ASX has recently updated its guidance note regarding trading policies.  The updated guidance highlights the risks to listed entities where trading by directors and other key personnel results in speculation that the trading was motivated by insider knowledge of an impending announcement.  Market criticism and public perception of inappropriate trading can impact reputations and have business and legal repercussions irrespective of any actual breach of insider trading laws.

The David Jones situation in October 2013 is a case on point.  Widespread criticism followed trading by two directors in the days before strong sale results were released and immediately after a merger proposal from Myer was received.  The trades occurred during a permitted trading window and were approved by the company chairman.  ASIC investigated the claims of insider trading (but did not lay charges) and the two directors and chairman resigned. 

The David Jones situation illustrates that the market is sensitive to trading by directors and key personnel in the period immediately before the release of material information.  Speculation that the trading was motivated by inside knowledge is likely to attract the criticism of market commentators and the scrutiny of the regulators. 

ASX’s expectation is that listed entities should adopt trading policies that not only address the legal risks of insider trading but also seek to avoid the appearance or perception of insider trading.  This goes beyond technical compliance with the listing rules which set out minimum requirements.  Rather, ASX has reinforced in its guidance note that trading policies should, as a matter of good governance and within the spirit, intention and purpose of the listing rules, address these broader issues of perception and the reputational damage that may result.    ASX expects trading policies to be “fit for purpose” – that is, each policy should be tailored to the circumstances of each entity to regulate when and how directors and key personnel may trade in its securities.  Some specific matters to consider include:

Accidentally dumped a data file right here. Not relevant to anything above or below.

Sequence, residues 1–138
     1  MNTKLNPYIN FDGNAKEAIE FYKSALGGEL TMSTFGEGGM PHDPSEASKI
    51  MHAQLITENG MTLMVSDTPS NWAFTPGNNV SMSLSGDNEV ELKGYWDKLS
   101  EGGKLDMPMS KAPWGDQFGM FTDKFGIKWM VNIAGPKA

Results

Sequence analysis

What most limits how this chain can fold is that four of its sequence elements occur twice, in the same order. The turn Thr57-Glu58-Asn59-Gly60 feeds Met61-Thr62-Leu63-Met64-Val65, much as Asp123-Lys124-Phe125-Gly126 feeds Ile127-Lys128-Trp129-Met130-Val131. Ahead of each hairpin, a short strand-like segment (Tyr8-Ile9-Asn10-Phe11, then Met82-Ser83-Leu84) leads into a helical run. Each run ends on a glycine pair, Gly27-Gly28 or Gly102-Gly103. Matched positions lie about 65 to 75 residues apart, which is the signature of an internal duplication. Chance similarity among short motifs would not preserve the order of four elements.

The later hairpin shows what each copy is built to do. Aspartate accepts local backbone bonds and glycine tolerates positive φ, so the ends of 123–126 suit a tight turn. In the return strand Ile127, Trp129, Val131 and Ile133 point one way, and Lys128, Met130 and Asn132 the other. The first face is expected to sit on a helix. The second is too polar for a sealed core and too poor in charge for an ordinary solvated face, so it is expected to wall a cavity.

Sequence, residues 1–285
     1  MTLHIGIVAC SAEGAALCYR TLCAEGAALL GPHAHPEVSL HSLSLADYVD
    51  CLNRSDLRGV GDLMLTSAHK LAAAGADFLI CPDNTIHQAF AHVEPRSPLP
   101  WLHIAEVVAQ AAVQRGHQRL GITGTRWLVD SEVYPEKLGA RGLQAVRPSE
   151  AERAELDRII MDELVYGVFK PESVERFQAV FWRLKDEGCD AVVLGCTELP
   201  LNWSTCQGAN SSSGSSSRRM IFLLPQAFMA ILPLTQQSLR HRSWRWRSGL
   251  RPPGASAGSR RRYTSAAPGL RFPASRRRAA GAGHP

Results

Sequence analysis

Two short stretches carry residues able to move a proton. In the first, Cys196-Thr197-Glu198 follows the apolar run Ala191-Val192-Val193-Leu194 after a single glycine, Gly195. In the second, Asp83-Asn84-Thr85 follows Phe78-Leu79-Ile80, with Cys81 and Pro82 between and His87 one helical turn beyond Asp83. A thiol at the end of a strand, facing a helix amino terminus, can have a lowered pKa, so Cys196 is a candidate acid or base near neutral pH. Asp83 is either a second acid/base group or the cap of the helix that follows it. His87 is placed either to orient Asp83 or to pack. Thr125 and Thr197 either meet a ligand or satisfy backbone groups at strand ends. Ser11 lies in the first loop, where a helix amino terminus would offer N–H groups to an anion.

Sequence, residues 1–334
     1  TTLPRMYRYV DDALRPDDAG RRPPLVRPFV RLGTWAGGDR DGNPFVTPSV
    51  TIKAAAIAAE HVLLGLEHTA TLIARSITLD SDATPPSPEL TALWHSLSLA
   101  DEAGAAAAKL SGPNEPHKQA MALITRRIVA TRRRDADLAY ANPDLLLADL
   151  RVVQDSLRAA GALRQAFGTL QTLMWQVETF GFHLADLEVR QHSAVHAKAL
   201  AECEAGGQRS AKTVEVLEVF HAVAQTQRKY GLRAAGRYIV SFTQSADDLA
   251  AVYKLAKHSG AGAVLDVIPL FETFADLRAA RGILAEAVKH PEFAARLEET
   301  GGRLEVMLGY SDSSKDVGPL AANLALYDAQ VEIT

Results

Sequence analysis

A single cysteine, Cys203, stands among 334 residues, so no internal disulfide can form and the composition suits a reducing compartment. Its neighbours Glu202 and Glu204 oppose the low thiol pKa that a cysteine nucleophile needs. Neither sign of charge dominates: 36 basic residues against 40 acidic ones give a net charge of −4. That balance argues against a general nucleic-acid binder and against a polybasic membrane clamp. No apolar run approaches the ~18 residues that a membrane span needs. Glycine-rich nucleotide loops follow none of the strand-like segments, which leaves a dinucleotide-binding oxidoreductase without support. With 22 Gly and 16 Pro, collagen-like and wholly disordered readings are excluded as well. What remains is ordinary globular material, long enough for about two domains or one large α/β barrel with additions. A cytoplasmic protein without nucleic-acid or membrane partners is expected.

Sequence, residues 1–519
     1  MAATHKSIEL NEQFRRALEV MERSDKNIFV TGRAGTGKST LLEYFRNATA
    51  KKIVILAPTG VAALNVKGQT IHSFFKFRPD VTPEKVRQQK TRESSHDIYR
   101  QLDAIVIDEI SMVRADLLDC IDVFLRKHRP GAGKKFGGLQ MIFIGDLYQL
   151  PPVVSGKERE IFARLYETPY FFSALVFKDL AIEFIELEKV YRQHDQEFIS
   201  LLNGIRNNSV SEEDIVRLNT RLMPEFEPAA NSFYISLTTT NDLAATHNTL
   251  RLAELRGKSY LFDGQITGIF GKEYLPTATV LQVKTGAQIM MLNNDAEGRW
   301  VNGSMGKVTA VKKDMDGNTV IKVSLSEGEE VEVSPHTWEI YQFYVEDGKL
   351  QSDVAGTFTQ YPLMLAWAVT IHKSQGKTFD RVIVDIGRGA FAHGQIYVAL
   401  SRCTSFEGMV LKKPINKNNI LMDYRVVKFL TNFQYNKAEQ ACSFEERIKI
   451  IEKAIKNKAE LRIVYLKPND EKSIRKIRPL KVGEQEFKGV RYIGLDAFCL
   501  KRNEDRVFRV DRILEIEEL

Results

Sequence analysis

• Does your policy extend to each director and key personnel’s closely connected persons and entities (eg. spouse, family companies)? If so, how is it enforced?

  • Does your policy extend to a wider group of employees who could have market sensitive information ahead of the market? For example, employees who work closely with directors and executives (such as, executive assistants), employees who work in the finance or strategic planning group, other managers, employees who have access to director's and executive's email/document folders (such as, IT staff). If so, how is it enforced?

  • Does your policy allow ad hoc trading restrictions to be imposed without hesitation in appropriate situations?

  • Does your policy regulate or prohibit particular kinds of trading? For example, trading in derivatives, short term trading, short selling, hedging, margin lending or trading in the securities of other companies.

  • Does your policy prohibit trading from or just prior to the close of books at each half/full year until a reasonable period after release of results?

In light of the updated ASX guidance and the spotlight on public perception of conduct, listed entities should review the adequacy of their trading policies.